During the 2023 Sundance Film Festival, the Indigenous Program announced Caroline Monnet (Anishinaabe/French) as the recipient of this year’s Merata Mita Fellowship in support of their upcoming feature film Thunderbirds. Named in honor of the late Māori filmmaker and longtime Artistic Director of the Institute’s Native Lab, this fellowship cultivates a stage for Indigenous women worldwide to tell their stories. Merata (Ngāi Te Rangi/Ngāti Pikiao) championed emerging Indigenous talent, and in continuing her legacy, the Indigenous Program is proud to provide this year’s upcoming selected fellow with:
- a $10,000 grant
- a year-long continuum of support and mentorship
- access to strategic and creative services offered by Sundance Institute artist programs
- a trip to the 2024 Sundance Film Festival in Park City, UT
The fellowship is open internationally to fiction and non-fiction projects. To be eligible you must be an Indigenous artist who identifies as a woman and is endeavoring to direct a feature film. Applications for the 2024 Merata Mita Fellowship are now open; submit your materials by October 9.
Below, hear what Monnet had to say during the 2023 Sundance Film Festival Native Forum Celebration.
“Kwe kakina. Caroline nindijinkaz, nin Anishinaabekwe. Outaouais nitotci, tanjeh kitchi-minendan nindi nonggom. Kitchi migwetch.
I would like to start by thanking the Shoshone, Paiute, Goshute, and Ute Tribal Nations for having me as a guest on their traditional and ancestral homelands. I am deeply honored and feel privileged to be named this year’s Merata Mita fellow and to be following in the legacy of such talented Indigenous women that have accomplished groundbreaking work.
While I never had the opportunity to meet Merata Mita — her vision, commitment and resilience are legendary. When reflecting on the work she has accomplished, I am reminded of the importance of trusting your instincts, working with your community, and that telling our stories without compromise can go a very long way. It is a true honor to walk in the shoes of such a strong, visionary, independent, and determined woman that has blazed a trail for my generations, and those to follow. Her legacy continues to be a source of inspiration for creativity and innovation. It gives me strength, power, and vision.
It is through art and film that I found a sense of belonging, a sense of purpose and self-confidence. And through my process of becoming a filmmaker, I also realized how movies can be a powerful tool for education, empowerment, and revolution. This acknowledgment from the Sundance Institute comes at a pivotal time for me as I embark on the journey of writing and directing my second feature film. I have always worked towards bringing positive and authentic indigenous representation on screen, hoping to shed light on the chaos of the past, but also offer a glimpse into the future. A future filled with love, compassion, and intention.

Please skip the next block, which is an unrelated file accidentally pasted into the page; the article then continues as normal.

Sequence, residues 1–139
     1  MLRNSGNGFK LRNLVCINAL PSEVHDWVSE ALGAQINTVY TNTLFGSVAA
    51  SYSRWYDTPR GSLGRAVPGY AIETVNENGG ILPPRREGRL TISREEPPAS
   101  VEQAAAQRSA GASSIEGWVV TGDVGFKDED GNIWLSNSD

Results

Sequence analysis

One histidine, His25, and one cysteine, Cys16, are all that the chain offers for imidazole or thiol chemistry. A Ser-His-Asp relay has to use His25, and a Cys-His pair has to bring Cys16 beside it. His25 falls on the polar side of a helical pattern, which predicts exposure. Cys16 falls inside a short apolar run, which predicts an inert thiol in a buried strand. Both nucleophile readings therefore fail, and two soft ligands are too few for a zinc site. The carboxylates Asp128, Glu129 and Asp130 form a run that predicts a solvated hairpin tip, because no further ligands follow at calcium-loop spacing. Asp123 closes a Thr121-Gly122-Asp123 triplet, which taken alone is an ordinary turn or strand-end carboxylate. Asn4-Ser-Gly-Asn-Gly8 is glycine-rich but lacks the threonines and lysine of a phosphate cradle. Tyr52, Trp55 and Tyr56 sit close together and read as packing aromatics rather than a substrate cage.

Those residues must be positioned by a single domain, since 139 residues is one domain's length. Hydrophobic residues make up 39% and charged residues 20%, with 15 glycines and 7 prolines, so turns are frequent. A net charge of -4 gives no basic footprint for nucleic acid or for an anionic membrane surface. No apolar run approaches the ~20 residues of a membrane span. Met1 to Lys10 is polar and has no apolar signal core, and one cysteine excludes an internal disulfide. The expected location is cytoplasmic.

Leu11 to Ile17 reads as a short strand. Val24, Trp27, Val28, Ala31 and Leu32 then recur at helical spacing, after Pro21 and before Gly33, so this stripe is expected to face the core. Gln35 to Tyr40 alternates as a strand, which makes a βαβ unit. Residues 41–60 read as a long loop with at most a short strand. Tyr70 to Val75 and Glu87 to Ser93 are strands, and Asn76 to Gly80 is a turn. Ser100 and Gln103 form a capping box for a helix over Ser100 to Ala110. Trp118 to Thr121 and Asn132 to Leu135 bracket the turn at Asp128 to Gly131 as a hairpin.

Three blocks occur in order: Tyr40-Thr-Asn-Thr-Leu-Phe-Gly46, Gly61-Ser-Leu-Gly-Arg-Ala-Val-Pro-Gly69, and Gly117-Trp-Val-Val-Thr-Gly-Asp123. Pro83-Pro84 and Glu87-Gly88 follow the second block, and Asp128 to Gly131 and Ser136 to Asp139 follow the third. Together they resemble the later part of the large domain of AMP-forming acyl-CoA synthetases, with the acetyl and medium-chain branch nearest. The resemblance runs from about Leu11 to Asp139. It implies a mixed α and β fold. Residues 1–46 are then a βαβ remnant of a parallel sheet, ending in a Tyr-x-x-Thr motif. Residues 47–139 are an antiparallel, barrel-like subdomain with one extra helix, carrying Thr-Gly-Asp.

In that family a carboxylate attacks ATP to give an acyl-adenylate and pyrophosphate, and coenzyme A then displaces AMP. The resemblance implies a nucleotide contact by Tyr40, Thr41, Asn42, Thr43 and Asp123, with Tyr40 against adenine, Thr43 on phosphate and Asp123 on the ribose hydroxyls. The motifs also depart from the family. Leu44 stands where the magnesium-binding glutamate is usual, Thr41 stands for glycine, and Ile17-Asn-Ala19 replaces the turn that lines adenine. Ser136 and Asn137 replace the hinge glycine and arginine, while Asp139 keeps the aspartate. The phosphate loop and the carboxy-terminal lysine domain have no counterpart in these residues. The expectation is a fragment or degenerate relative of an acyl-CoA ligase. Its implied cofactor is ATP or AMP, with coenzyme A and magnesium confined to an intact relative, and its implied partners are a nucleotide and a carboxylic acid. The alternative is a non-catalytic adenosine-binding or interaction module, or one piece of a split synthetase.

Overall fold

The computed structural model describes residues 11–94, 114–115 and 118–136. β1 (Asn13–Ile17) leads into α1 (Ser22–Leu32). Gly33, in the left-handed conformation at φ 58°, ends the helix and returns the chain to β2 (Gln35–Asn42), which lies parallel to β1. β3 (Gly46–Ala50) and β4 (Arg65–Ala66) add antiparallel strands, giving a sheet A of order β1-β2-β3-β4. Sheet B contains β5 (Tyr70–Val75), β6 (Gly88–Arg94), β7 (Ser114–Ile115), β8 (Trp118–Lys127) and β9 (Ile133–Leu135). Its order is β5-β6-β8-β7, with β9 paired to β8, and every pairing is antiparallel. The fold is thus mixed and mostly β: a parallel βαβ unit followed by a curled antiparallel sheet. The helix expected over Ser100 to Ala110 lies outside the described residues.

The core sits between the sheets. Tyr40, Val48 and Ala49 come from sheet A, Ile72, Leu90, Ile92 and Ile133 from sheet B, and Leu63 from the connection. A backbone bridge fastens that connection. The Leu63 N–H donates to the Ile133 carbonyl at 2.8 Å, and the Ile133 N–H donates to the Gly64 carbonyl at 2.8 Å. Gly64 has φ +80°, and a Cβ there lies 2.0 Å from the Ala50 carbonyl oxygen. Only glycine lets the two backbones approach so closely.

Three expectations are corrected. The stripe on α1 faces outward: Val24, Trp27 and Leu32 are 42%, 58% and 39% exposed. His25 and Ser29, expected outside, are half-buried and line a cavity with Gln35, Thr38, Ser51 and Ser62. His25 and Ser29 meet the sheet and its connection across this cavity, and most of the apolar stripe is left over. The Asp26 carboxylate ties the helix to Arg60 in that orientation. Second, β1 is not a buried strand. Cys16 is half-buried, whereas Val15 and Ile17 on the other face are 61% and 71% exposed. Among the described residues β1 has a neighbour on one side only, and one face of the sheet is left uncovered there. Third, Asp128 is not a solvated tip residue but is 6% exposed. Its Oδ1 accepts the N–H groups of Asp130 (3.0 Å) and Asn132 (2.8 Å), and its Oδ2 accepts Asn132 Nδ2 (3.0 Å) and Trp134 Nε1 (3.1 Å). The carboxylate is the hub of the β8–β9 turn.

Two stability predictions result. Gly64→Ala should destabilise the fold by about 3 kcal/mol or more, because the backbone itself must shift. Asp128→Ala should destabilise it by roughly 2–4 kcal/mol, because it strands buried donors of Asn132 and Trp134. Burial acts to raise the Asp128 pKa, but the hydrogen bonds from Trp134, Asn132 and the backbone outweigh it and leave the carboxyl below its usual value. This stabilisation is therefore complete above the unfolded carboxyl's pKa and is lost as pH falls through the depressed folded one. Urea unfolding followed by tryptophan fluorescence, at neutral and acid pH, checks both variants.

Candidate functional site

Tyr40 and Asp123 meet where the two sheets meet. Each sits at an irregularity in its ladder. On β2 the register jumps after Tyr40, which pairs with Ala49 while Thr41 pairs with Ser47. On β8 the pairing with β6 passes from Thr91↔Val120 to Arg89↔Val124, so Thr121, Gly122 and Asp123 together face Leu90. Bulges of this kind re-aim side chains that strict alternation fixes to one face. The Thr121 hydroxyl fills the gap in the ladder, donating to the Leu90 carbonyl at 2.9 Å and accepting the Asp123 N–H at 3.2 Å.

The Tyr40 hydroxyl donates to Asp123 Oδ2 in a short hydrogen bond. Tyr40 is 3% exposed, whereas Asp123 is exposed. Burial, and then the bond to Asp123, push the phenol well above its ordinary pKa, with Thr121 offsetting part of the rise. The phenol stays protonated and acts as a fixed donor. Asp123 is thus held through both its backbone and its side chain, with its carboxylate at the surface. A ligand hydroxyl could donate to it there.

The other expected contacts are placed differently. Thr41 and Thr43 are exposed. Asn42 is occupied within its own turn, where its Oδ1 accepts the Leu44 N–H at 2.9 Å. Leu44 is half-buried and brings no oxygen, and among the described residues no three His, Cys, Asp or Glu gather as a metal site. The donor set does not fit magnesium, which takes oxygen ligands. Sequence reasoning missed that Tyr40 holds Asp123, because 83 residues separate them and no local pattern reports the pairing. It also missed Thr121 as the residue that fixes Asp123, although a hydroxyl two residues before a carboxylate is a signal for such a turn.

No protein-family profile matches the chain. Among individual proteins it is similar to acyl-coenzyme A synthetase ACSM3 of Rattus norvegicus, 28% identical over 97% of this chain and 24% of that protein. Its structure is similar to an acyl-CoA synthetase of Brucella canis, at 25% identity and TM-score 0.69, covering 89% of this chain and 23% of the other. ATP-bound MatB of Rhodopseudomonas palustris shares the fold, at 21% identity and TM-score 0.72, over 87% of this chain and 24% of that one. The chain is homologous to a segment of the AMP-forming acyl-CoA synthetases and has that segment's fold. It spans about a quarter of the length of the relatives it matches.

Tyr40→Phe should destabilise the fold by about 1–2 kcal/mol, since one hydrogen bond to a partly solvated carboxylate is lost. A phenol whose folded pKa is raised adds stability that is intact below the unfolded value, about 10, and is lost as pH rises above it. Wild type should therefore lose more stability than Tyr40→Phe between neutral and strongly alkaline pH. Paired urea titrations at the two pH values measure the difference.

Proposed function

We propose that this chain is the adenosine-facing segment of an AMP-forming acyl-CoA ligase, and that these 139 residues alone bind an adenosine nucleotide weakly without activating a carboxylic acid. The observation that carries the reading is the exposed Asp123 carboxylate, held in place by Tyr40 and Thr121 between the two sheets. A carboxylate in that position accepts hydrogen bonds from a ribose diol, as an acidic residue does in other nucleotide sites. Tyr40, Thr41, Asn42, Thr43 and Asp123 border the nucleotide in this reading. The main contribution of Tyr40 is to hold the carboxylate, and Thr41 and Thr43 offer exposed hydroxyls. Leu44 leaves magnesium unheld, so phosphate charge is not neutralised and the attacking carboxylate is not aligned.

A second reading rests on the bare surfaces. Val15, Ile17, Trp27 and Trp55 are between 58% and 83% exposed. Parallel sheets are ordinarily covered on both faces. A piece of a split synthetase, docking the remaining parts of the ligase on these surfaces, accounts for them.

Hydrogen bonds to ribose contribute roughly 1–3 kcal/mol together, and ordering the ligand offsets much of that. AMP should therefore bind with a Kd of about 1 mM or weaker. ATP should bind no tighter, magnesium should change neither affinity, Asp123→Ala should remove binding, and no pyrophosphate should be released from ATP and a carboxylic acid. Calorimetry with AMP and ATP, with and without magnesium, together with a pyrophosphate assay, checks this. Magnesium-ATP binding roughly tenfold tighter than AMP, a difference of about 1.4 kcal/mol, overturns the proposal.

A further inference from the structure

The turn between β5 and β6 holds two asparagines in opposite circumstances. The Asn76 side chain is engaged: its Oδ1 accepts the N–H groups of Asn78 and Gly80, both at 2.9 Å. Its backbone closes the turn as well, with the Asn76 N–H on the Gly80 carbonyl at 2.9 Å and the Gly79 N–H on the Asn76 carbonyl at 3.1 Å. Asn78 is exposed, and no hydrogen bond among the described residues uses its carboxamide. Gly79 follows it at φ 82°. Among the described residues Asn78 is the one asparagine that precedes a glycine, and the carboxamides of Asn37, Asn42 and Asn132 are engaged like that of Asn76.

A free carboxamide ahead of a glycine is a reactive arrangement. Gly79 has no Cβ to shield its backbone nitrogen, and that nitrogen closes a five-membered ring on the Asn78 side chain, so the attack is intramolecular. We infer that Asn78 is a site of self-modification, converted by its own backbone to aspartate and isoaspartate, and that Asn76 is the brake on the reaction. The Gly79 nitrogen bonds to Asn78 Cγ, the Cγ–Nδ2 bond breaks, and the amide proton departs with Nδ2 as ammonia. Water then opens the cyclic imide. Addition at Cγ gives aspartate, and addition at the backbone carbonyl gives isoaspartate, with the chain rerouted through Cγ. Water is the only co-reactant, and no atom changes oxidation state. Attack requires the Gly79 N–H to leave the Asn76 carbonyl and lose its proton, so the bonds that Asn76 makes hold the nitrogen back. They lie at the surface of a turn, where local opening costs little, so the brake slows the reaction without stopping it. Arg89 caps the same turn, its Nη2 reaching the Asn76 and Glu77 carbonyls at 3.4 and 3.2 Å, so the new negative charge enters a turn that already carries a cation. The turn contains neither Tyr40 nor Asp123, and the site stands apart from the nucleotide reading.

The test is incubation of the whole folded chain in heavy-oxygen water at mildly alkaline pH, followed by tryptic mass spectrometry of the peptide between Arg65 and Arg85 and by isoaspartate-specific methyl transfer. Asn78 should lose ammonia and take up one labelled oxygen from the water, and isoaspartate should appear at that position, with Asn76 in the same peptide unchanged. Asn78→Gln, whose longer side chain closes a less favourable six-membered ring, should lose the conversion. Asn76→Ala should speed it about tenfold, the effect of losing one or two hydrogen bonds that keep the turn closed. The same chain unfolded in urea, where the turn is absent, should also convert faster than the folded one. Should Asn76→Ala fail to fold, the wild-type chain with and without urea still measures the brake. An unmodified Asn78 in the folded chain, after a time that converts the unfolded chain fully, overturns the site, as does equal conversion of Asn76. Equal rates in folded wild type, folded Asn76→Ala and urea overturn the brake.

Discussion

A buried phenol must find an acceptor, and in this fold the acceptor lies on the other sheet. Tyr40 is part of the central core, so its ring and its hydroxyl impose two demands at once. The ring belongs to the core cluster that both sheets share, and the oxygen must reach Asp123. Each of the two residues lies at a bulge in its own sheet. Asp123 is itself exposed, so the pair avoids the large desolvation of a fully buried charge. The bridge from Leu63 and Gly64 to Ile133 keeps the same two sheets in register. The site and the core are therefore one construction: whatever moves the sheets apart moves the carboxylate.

My next film project is no different, titled Thunderbirds. It’s a story based on real events that took place in 1976 during the final months leading up to the permanent closure of an experimental college for indigenous youth in Quebec. Called Manitou College, it only existed three years, but the experience, however brief, deeply transformed the indigenous youth that were fortunate enough to attend. It is said that the government decision to close the college was motivated by fear in the face of the rising Indigenous intelligentsia. Basically, they were scared of a bunch of native youth making art and film. And they were right. Because when we control the narrative, we can achieve great things.
Thunderbirds is a project that seems incredibly fitting for this Fellowship, considering the impact Merata Mita had not only in film, but also for her community and for the rise of Indigenous voices at large. While I will be focusing on themes of love, friendship, freedom, humor, and sense of belonging in my film, I will keep in mind the struggles and achievements Merata Mita carried through her remarkable career with energy, vibrancy, and ideas of hope for the future. It means a great deal to me to be part of this Sundance native community and to be surrounded by like minded individuals. I am humbled that the work that I’m so passionate about can resonate with others. This recognition will allow me to continue my journey as a filmmaker and enables me to strengthen and further define my cinematic voice. It inspires me to continue to challenge myself and to strive to make impactful work that can be healing, inspiring and transformative.
I realized I could not have made it here today without the invaluable and continuous support of my community and my peers. I am deeply grateful to the Sundance Indigenous Program, to Adam [Piron] and his team for its support, and for paving the way for Indigenous artists like me to tell their stories. Receiving this fellowship today fills me with the confidence and the inspiration to continue Merata Mita’s legacy. I am proud to be Anishinaabe Kwe and I am proud to contribute to Indigenous cinema. I am surrounded by such incredible Indigenous talents from all over the world. You are truly inspiring. Your voices bring about change, allowing us to dream. These are really exciting times to be making films and to tell their stories. Kitchi migwetch.”